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Does the ?? operator in C# use shortcircuiting when evaluating?

var result = myObject ?? ExpressionWithSideEffects();

When myObject is non-null, the result of ExpressionWithSideEffects() is not used, but will ExpressionWithSideEffects() be skipped completely?

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3 Answers 3

up vote 7 down vote accepted

Yes it does. As ever, the C# language specification is the definitive source1.

From the C# 3 spec, section 7.12 (v3 rather than 4, as the v4 spec goes into dynamic details which aren't really relevant here):

The type of the expression a ?? b depends on which implicit conversions are available between the types of the operands. In order of preference, the type of a ?? b is A0, A, or B, where A is the type of a, B is the type of b (provided that b has a type), and A0 is the underlying type of A if A is a nullable type, or A otherwise. Specifically, a ?? b is processed as follows:

  • If A is not a nullable type or a reference type, a compile-time error occurs.
  • If A is a nullable type and an implicit conversion exists from b to A0, the result type is A0. At run-time, a is first evaluated. If a is not null, a is unwrapped to type A0, and this becomes the result. Otherwise, b is evaluated and converted to type A0, and this becomes the result.
  • Otherwise, if an implicit conversion exists from b to A, the result type is A. At run-time, a is first evaluated. If a is not null, a becomes the result. Otherwise, b is evaluated and converted to type A, and this becomes the result.
  • Otherwise, if b has a type B and an implicit conversion exists from A0 to B, the result type is B. At run-time, a is first evaluated. If a is not null, a is unwrapped to type A0 (unless A and A0 are the same type) and converted to type B, and this becomes the result. Otherwise, b is evaluated and becomes the result.
  • Otherwise, a and b are incompatible, and a compile-time error occurs.

The second, third and fourth bullets are the relevant ones.


1 There's a philosophical discussion to be had about whether the compiler you happen to be using is the actual source of truth... is the truth about a language what it's meant to do or what it currently does?

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To the foot note... I think that's why we all enjoy Eric Lippert being around :) –  Matthew Whited Jun 23 '10 at 16:49
1  
@Matthew: One of the many reasons, yes. One interesting aspect of Eric is that he can act as the human incarnation of both the spec and the compiler... –  Jon Skeet Jun 23 '10 at 17:10

Yes, it does short circuit.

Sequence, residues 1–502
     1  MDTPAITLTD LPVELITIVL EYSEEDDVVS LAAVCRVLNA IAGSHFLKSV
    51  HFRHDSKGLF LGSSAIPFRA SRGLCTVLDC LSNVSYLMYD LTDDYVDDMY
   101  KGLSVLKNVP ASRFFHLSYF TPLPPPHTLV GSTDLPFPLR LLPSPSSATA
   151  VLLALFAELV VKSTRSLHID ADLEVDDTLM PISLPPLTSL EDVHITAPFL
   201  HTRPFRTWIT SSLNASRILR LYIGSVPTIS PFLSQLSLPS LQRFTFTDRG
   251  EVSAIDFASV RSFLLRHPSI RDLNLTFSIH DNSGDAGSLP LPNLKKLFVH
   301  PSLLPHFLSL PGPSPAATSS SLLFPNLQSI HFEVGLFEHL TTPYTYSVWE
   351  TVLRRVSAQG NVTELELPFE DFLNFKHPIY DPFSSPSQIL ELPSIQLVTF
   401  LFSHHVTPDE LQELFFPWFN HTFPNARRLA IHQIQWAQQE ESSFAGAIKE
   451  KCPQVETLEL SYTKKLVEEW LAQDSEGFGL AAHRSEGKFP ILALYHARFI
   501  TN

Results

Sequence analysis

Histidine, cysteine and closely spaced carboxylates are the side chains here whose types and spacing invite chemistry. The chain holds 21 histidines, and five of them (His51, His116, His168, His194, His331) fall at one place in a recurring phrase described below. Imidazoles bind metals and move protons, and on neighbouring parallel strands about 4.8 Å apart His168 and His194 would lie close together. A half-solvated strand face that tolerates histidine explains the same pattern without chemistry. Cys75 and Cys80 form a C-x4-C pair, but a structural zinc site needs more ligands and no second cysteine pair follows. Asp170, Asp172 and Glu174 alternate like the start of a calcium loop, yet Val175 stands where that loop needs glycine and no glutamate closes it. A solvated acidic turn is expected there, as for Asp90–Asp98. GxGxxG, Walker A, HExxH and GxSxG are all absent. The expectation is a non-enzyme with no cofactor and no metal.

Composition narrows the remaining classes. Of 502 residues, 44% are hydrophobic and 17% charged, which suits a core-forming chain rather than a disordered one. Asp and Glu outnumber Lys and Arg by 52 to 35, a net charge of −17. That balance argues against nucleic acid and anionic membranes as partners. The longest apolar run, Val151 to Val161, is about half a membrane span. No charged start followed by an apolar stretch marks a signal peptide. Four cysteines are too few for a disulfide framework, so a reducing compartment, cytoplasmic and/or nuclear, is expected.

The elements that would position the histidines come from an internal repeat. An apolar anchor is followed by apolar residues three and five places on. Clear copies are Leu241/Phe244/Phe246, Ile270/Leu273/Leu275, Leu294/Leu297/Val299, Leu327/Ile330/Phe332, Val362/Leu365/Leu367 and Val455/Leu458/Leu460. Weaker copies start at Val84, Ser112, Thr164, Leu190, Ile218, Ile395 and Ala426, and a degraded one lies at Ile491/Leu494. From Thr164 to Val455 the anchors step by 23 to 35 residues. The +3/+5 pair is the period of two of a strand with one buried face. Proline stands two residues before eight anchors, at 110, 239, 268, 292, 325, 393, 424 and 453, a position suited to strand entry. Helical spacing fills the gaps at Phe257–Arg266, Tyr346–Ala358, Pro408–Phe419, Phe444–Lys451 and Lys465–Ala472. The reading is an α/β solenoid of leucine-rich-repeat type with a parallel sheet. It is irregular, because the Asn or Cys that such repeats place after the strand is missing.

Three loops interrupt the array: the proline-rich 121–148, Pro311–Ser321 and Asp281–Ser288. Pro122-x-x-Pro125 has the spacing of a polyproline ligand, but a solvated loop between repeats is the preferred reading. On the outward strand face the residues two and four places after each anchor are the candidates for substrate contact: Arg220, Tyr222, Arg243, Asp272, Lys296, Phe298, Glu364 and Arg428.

Here's a snippet to test in LinqPad:

string bar = "lol";
string foo = bar ?? string.Format("{2}", 1);
foo.Dump();
bar = null;
foo = bar ?? string.Format("{2}", 1);
foo.Dump();

The first coalesce works without throwing an exception while the second one does throw (the format string is invalid).

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crap, I can feel myself being pulled into the event horizon! –  Will Jun 23 '10 at 17:39

This is why we have unit testing.

    [TestMethod]
    public void ShortCircuitNullCoalesceTest()
    {
        const string foo = "foo";
        var result = foo ?? Bar();
        Assert.AreEqual(result, foo);
    }

    [TestMethod]
    [ExpectedException(typeof(ArgumentException))]
    public void ShortCircuitNullCoalesceFails()
    {
        const string foo = null;
        var result = foo ?? Bar();
    }

    private static string Bar()
    {
        throw new ArgumentException("Bar was called");
    }

These aren't the best test names, but you get the idea. It shows that the null coalesce operator short circuits as expected.

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And I realize ArgumentException was an odd choice, it was just the first exception type to spring to mind. –  CaffGeek Jun 23 '10 at 16:43
3  
This isn't why we have unit testing. This is why we have language specifications. In particular, if we had unit testing but no language spec, we would only know what it happens to do in the case being tested. If we had the language spec but no unit testing, however, we would still know what the language is meant to do in the general case. Admittedly unit testing helps to verify that the compiler actually implements the language spec... but I'd always rather reach for the spec than a unit test for questions like this. –  Jon Skeet Jun 23 '10 at 16:44
    
@Jon Skeet, touche. I still like writing quick tests to verify things I am not sure about. I won't necessarily keep it around. And it's always possible that the compiler implemented the spec improperly... –  CaffGeek Jun 23 '10 at 16:49
    
It's also possible that the compiler implemented the spec improperly - just not for the case you happened to pick. In fact, I suspect that it's much more likely to get simple cases right than obscure ones :) –  Jon Skeet Jun 23 '10 at 17:09
    
@Jon Skeet, for sure, I do agree, this would be a tough one to screw up... and I wouldn't keep this test around after writing it to learn how the compiler is working (it's quicker than reading docs). But to repeat a favourite quote "Don't get suckered in by the comments - they can be terribly misleading." –  CaffGeek Jun 23 '10 at 17:25

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